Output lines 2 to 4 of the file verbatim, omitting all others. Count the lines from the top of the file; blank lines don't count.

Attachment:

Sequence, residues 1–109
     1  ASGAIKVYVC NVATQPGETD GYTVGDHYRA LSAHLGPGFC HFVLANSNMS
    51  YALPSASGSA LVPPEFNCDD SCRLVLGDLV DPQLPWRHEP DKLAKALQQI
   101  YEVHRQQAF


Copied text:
     1  ASGAIKVYVC NVATQPGETD GYTVGDHYRA LSAHLGPGFC HFVLANSNMS
    51  YALPSASGSA LVPPEFNCDD SCRLVLGDLV DPQLPWRHEP DKLAKALQQI
   101  YEVHRQQAF